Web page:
Headlines  

  • Egyptian troops have arrested an additional 99 people in the crackdown on the Sinai. Meanwhile, authorities have identified seven suspects in an attack that killed 16 border guards last month,
  • Israel has allowed entry to three Eritrean migrants but has sent the remaining 18 back to Egypt’s Sinai Peninsula, all of whom have been waiting on Israel’s southern border for a week.
  • Iranian news has reported that presidential elections to replace Mahmoud Ahmadinejad will be held on June 14, 2013 along with municipal voting.
  • One Turkish soldier and 18 Kurdish militants were killed in operations launched by the Turkish army on September 5.

Arguments and Analysis 

Bombing Iran is the way to make sure it gets the bomb‘ (Philip Stephens, Financial Times)

"There is one sure way to persuade Iran to press on with its programme to build the bomb. That’s for Israel to go ahead and bomb Iran.

Whatever one’s views about the toppling of Saddam Hussein, George W. Bush and Tony Blair made a grievous mistake when they invaded Iraq. They did not properly consider what would happen next. The risk is the US will repeat the error by backing Israeli strikes against Iran.
We don’t know whether the Israeli government has a definitive plan to attack Iran’s nuclear facilities before the US presidential election. The evidence is that senior figures in the Israeli intelligence and military establishments are somewhere between deeply cautious and hostile about such action. On the other hand, Benjamin Netanyahu may well prove vainglorious and reckless enough to overrule them."

No letting up‘ (The Economist)

"LAKHDAR BRAHIMI, the experienced Algerian peacemaker who recently replaced Kofi Annan as the UN’s special envoy for Syria, describes his new task as "nearly impossible". That seems a sound judgment. Syria’s beleaguered but ruthless regime refuses to talk to its opponents until they lay down their arms. For their part, the outgunned, fractious but resilient rebels will not talk to the regime until President Bashar Assad goes. The rest of the world watches in dismay or quietly fuels the conflict, as misery mounts. In August alone, the number of Syrian refugees applying for asylum abroad doubled, to 200,000."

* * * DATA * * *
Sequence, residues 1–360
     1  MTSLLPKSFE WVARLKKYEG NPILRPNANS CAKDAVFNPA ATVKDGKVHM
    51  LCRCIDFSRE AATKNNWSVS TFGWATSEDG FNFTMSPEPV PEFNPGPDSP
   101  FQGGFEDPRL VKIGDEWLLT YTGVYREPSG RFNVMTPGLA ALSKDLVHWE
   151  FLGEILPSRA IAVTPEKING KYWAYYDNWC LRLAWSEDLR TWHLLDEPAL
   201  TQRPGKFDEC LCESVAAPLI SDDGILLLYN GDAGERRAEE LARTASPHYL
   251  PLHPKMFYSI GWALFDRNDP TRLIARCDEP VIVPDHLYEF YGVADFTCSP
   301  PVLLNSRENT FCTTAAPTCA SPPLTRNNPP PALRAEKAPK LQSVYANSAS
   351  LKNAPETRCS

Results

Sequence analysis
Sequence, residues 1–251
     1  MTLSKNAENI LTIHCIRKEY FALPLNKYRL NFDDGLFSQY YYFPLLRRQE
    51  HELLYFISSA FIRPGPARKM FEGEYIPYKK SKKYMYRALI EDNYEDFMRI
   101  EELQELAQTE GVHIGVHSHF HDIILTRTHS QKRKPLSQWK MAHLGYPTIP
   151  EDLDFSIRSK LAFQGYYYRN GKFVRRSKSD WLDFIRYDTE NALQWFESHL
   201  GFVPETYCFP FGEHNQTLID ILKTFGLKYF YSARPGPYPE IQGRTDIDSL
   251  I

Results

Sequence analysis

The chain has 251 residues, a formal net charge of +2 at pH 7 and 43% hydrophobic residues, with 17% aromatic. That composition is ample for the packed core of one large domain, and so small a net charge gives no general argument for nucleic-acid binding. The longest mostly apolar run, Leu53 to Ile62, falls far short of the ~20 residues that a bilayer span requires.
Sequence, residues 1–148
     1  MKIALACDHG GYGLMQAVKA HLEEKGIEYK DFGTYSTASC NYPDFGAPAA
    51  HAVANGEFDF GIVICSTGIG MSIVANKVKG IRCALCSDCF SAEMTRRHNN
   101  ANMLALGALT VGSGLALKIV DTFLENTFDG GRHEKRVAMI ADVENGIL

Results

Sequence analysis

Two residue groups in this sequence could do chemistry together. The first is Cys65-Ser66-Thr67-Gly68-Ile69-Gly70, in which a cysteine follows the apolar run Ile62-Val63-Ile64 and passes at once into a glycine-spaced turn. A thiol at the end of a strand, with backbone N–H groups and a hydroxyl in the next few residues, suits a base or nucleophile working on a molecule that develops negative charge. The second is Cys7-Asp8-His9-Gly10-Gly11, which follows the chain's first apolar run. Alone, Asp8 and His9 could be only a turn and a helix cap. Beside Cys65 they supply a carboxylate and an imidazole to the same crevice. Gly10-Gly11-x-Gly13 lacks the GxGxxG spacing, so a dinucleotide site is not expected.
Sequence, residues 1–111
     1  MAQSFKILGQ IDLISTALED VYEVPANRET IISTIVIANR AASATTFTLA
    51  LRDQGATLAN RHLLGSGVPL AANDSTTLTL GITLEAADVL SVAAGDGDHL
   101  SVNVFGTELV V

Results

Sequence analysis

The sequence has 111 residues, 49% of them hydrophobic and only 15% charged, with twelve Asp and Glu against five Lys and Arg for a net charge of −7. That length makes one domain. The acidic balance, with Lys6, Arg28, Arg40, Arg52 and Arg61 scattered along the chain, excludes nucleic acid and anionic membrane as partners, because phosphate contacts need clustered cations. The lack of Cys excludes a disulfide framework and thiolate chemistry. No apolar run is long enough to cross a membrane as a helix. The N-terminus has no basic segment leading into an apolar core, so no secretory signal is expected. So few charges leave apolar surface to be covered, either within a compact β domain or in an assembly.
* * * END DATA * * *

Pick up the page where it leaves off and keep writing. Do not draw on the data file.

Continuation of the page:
Never Mind the Democrats’ Jerusalem Kerfuffle, Where’s the Peace Process?‘ (Tony Karon, Time)

"The Democratic Party’s clumsy, eleventh-hour re-jigging of its election platform to proclaim Jerusalem as Israel’s capital is a but morbid sideshow when viewed against the greater drama of the collapse of the Israeli-Palestinian peace process. Proclamations over the status of Jerusalem are a well-established, if hollow bipartisan ritual of the U.S. election season. They may be deemed necessary to assuage the concern of a relatively narrow segment of activist voters and donors for whom Israel is a priority issue, but the Israelis themselves don’t set much store by them. After all, the record shows that campaign promises on Jerusalem have little bearing on how candidates behave once in office: Presidents Bill Clinton and George W. Bush both vowed, when running for the White House, to move the U.S. embassy to Jerusalem – indeed, the Democratic Party platform on which President Jimmy Carter was elected in 1976 included the same promise."

–By Jennifer Parker and Mary Casey 

<p>Mary Casey-Baker is the editor of Foreign Policy’s Middle East Daily Brief, as well as the assistant director of public affairs at the Project on Middle East Political Science and assistant editor of The Monkey Cage blog for the Washington Post. </p> Twitter: @casey_mary